World » Former USSR
Author`s name Dmitry Sudakov

Belarussians want Lukashenko to rule Russia too

Nearly half the people in Belarus regard Alexander Lukashenko a perfect politician. According to the results of a survey published by the well-known sociologist Professor Oleg Manayev, the Belarussian president tops the list of most popular political figures. Lukashenko is idolized by 44.7% of the respondents while 27.1% of them favor President Putin of Russia.

U.S. President Bush has 4.6%; French President Chirac has 4.4%; Cuban leader Castro has 3.9%; German Chancellor Merkel has 3.7%; Tony Blair has 3.5%, and Yulia Tymoshenko – 3.2%, the Belarussian newspaper Belorusskiye Noviny reports.

It is noteworthy that it is the first time in the last 6 years that Lukashenko’s latest popularity ratings became higher by 1.7 times than those of Putin’s. Sociologists point to the recent election campaign as a possible reason behind the surge in popularity of the Belarussian president. By the way, 44% of Belarussian would like to see Lukashenko as president of the union of Belarus and Russia should such a position be created. 22% of the respondents would rather see Putin as head of a new state.

One of the questions put to the respondents read: “Would you rather approve the integration of Belarus into the European Union or favor the union of Belarus and Russia into one state?”

56.1% of the polled are in favor of the union with Russia while 31.9% would rather see Belarus as a part of the EU. Almost the same percentage of the poll participants (52%) see themselves as the Soviet people while 36% consider themselves Europeans.

94% of Belarussians who regard Lukashenko as an ideal politician voted for him in the recent presidential election. However, the supporters of Vladimir Putin (53.5%) also cast their ballots for Lukashenko. Those who preferred Western politicians to domestic personalities, voted for Milinkevich, one of the opposition leaders.

The figures published by Manayev show a more accurate scale of Lukashenko’s popularity in Belarus. By the bye, Manayev is a director of Vilnius-based Independent Institute of Socioeconomic and Political Studies. Recently the institute has called the results of Belarus’s presidential election into question. According to the official Central Election Committee, Lukashenko scored a landslide victory getting 83% of the votes. However, the figures produced by independent opinion polls conducted by the above institute on March 27 and April 6 differ from the official data. The poll figures show that 63.6% of the Belarussians voted for Lukashenko. In other words, Lukashenko was given 20% or 1.2 votes “aside from” the original number of votes cast for him during the election. Western observers shared the viewpoint, they were unanimous in using the adjective “undemocratic” in their comments on the election. Following the outcome of the election, the EU imposed entry visa ban on Lukashenko and 30 high-ranking Belarussian officials who were accused of rigging the presidential election.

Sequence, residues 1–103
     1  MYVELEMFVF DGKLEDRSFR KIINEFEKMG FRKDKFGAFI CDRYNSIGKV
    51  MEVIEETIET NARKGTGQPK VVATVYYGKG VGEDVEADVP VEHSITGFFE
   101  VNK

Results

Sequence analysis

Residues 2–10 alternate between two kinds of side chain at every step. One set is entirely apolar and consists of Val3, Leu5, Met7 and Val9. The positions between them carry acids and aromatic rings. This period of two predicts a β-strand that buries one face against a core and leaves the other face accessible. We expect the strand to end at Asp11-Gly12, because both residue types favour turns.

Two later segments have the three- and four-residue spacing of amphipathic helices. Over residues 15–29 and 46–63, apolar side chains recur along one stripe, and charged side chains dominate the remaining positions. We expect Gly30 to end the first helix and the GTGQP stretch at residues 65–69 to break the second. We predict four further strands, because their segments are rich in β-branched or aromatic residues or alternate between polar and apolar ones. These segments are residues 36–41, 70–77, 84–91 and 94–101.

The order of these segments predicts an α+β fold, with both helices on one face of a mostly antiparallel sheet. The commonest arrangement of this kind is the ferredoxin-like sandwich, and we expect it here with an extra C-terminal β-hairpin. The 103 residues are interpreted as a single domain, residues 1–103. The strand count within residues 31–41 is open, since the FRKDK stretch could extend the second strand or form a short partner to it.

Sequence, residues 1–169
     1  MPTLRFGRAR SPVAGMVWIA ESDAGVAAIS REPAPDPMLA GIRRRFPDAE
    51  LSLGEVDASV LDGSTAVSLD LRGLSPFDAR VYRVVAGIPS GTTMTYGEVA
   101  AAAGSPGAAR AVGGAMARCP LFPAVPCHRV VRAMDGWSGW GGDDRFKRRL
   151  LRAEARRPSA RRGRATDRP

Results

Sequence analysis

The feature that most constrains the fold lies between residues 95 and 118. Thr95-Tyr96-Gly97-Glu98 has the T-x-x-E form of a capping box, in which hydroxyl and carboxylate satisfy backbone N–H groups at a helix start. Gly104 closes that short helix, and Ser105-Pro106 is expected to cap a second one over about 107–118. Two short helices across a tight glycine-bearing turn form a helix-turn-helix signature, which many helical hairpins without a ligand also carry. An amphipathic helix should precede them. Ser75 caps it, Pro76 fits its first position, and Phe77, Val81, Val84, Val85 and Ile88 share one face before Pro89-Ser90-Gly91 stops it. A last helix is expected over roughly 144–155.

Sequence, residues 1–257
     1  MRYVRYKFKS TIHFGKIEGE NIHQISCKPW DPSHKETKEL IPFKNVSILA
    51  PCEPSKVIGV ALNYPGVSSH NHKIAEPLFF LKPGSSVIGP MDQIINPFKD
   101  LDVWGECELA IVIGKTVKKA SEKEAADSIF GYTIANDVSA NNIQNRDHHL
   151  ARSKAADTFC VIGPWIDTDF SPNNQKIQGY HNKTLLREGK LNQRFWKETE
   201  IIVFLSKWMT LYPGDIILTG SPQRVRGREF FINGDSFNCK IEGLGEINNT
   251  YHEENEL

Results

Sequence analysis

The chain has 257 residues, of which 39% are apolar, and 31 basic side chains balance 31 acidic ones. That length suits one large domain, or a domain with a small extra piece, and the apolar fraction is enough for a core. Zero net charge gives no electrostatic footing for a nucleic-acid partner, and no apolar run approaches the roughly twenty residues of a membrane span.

According to officially released figures, the opposition candidate Alexander Milinkevich received a piddling 6% of the votes. Meantime, independent sociologists say Mlinkevich received 20.6% of the votes. In light of the above, Oleg Manayev said that the public opinion result are in contradiction to the official statements with regard to Lukashenko’s widespread popular appeal with his fellow citizens. Despite a social basis for starting up changes, the authorities should not underestimate readiness of the Belarussian society to changes. At the same time, the opposition should not overestimate it either. “The growing public discontent in Belarus is largely caused by the activity of the authorities while the opposition and external factors play second fiddle under the circumstances,” said Manayev. There was a noticeable increase in the number of those who consider themselves mistreated by the regime. During the last year alone it increased by a third and currently stands at 36.5%.

The Independent Institute of Socioeconomic and Political Studies said earlier that Lukashenko had lost the 2004 referendum, and therefore had no right to run for the third term in office.

Meanwhile, the Belarussian opposition is not going to give up the fight. During his overseas trips Milinkevich predicts that the regime would fall in the near future. His comrades in arms say that toppling the dictatorial rule should take only a few hours. “Lukashenko is losing his grip on the electorate. No ‘velvet’ revolution lies in store for Belarus. On the contrary, Belarus is going to witness an instant revolution which should happen within several hours. I’m talking about the 21st century revolution, it can make all the people change their ways of thinking in a matter of hours. Then the people will start living in a brand-new state. They view the dictator as a piece of trash that needs to be thrown into a trash bin,” said Andrei Klimov, a former political prisoner and deputy of the Supreme Soviet of the 13th calling, in an interview to a press service. According to him, the opposition has been quite impressed by the activity of young people during the standoff in Minsk after the election. “Our successors are getting ready to play a key role in the fight for a new democratic Belarus and a new government that will be oriented to the integration into the EU. In fact, the young will come to power in this country to ensure civilized governance. The boys and girls who put up tents in Oktyabrskaya Square in Minsk a month ago do hate that bumpkin dictatorship. They really want to make it history,” said Klimov.

Utro

Translated by Guerman Grachev
Pravda.Ru

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